Bhopal gas survivors welcome admission of curative petition by SC

By Pervez Bari,,

Bhopal: Representatives of five organizations of the survivors of the December 1984 Bhopal Gas Tragedy, the world’s worst industrial catastrophe, on Monday welcomed the admission of the curative petition for enhancement of compensation by the Supreme Court of India.

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However, holding the Government of India primarily responsible for the collusive settlement of 1989, they stated that the government’s curative petition does not contain correct figures of death and extent of injuries caused by the disaster. They expressed hope that the Court will take necessary steps to arrive at a compensation sum based on correct figures of the impact of the disaster.

Ms Rashida Bi, a survivor and leader of Bhopal Gas Peedit Mahila Stationery Karmchari Sangh, said that the figure of deaths presented by the Indian government is far lower than that reported by government research agencies. She said that statistical projections based on the mortality rates reported by the Indian Council of Medical Research and the Centre for Rehabilitation Studies show that the figures of exposure related death were five times more than that mentioned in the curative petition filed in the Supreme Court. She pointed out that registration of exposure related deaths was arbitrarily stopped in 1997 while the Centre for Rehabilitation Studies reported 436 deaths attributable to toxic exposure in 2000.

Another leader Balkrishna Namdeo, of Bhopal Gas Peedit Nirashrit Pension Bhogi Sangharsh Morcha, pointed out that essential tests such as Pulmonary function test, exercise tolerance test and urinary thiocyanate tests were carried out on less than 10 per cent of the claimants as a result of which several hundred thousand victims were wrongly adjudged as having suffered only temporary injury. He said that while ICMR’s study reported 30 per cent of the victims to be suffering from mental illnesses, no claimant was assessed for mental injuries.

Ms Safreen Khan, of Children against Dow Carbide said that in the curative petition, the government had failed to mention that children born after the disaster were also entitled to compensation. She pointed out that according to studies published in international peer reviewed journals such as the Journal of American Medical Association and American Journal of Industrial Medicine, children born to gas exposed parents have suffered growth and development disorders.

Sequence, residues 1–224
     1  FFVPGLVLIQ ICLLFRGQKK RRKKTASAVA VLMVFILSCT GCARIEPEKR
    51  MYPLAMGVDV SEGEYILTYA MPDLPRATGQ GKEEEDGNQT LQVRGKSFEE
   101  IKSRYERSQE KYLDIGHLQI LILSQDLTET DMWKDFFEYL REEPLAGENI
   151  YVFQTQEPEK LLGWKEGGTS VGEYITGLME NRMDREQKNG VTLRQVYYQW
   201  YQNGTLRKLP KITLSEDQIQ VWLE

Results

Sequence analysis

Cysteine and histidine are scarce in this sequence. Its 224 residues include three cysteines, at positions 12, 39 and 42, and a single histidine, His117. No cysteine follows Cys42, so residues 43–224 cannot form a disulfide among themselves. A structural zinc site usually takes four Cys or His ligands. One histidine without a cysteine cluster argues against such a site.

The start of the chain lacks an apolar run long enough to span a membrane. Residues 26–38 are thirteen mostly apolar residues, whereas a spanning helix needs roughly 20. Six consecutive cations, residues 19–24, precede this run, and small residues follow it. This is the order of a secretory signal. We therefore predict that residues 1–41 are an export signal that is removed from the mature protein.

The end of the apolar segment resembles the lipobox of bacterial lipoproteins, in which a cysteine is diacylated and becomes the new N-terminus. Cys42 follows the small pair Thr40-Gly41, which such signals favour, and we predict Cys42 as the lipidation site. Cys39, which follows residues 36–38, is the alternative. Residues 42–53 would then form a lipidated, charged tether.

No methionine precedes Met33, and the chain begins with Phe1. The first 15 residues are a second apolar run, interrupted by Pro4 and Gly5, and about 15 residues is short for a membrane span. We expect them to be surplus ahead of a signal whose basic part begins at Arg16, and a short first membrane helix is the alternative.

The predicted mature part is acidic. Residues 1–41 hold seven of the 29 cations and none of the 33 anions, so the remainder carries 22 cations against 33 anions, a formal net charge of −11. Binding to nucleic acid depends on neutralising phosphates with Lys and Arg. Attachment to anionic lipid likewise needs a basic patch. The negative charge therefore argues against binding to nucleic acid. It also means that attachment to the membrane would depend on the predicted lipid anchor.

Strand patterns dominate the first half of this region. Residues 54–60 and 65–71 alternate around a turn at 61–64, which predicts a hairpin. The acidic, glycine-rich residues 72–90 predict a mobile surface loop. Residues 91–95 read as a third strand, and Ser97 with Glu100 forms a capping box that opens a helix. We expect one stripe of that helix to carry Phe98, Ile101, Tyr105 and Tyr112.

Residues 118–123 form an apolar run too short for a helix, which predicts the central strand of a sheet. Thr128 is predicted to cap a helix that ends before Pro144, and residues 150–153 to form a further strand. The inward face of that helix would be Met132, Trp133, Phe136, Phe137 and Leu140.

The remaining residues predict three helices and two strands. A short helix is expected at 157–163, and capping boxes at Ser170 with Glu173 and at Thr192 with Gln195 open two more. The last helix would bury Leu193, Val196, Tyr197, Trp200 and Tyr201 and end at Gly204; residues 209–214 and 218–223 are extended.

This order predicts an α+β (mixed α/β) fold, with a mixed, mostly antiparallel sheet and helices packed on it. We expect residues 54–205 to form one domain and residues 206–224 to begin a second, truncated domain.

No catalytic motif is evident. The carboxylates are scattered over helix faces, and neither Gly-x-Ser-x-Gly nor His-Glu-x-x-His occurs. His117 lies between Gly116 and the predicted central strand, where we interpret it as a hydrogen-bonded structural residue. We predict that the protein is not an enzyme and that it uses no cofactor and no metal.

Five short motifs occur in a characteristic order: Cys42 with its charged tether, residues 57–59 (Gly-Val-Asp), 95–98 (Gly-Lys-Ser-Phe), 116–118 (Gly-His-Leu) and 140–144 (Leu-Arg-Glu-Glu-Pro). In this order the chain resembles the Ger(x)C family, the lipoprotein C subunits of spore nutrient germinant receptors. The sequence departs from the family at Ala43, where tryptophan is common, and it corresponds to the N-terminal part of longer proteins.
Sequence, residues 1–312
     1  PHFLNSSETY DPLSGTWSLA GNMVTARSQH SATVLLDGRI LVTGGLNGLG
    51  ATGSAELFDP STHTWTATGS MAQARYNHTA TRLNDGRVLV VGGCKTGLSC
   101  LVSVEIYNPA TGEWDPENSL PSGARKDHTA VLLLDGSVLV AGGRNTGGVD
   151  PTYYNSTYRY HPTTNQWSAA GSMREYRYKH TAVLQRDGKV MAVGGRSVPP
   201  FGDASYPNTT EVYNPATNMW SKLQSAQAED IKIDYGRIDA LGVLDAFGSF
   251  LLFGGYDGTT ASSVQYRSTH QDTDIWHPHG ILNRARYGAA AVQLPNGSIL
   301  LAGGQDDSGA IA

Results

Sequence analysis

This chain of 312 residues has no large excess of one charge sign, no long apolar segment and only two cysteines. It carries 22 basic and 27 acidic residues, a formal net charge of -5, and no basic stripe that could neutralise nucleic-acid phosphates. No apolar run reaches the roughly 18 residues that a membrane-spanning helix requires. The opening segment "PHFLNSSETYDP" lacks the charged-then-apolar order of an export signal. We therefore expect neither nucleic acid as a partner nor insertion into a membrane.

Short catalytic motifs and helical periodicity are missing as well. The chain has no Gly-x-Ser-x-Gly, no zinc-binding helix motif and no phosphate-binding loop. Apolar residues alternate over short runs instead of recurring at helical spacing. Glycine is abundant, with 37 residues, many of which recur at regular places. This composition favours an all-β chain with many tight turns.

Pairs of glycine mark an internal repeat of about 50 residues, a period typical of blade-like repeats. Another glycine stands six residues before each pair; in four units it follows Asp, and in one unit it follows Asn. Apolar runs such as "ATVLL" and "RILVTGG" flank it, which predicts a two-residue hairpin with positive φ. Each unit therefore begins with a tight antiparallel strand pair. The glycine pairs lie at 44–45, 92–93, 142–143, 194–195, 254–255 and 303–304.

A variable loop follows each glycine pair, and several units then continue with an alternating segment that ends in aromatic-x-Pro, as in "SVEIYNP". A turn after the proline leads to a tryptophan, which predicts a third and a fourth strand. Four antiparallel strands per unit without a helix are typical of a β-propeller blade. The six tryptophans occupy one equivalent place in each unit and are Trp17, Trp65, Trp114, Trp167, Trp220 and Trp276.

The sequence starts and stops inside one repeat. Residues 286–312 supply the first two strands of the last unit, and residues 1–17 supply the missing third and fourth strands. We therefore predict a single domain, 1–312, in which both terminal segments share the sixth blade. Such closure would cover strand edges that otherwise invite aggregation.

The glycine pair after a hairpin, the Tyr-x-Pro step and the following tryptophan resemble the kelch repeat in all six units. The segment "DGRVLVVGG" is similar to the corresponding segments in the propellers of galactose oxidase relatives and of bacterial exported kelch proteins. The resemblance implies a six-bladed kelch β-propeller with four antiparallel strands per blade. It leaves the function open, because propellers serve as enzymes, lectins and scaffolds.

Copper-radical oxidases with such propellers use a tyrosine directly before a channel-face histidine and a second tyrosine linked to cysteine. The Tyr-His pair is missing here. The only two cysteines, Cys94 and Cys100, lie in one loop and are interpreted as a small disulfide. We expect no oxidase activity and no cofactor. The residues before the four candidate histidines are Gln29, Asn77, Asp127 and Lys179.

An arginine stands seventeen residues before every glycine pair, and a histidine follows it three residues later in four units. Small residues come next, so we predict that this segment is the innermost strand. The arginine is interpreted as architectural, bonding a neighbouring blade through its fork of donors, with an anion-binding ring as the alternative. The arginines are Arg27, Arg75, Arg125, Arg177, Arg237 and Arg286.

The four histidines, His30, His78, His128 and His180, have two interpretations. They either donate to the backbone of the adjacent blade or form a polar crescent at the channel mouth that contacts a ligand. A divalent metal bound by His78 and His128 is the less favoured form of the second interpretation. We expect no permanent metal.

According to Ms Rachna Dhingra, of Bhopal Group for Information and Action, the Indian government had wrongly claimed compensation for contamination of soil and ground water in the curative petition that was focused on the December 1984 gas disaster. She pointed out that the toxic contamination was unrelated to the gas disaster and was a result of routine and reckless dumping of hazardous waste by the Union Carbide. She said that if the Indian government is sincere about making the company pay for the environmental and health damage caused by toxic contamination, it should join the ongoing litigation in the US federal court.

It may be mentioned here that 40 tonnes of poisonous methyl isocyanate gas spewed from the pesticide plant of the Union Carbide factory in the intervening night of December 2-3, 1984. The gas leak killed 3,000 people instantly and more that 25,000 over the years. It also affected 100,000 people that night and estimates are that more than 500,000 continue to suffer till date. ([email protected])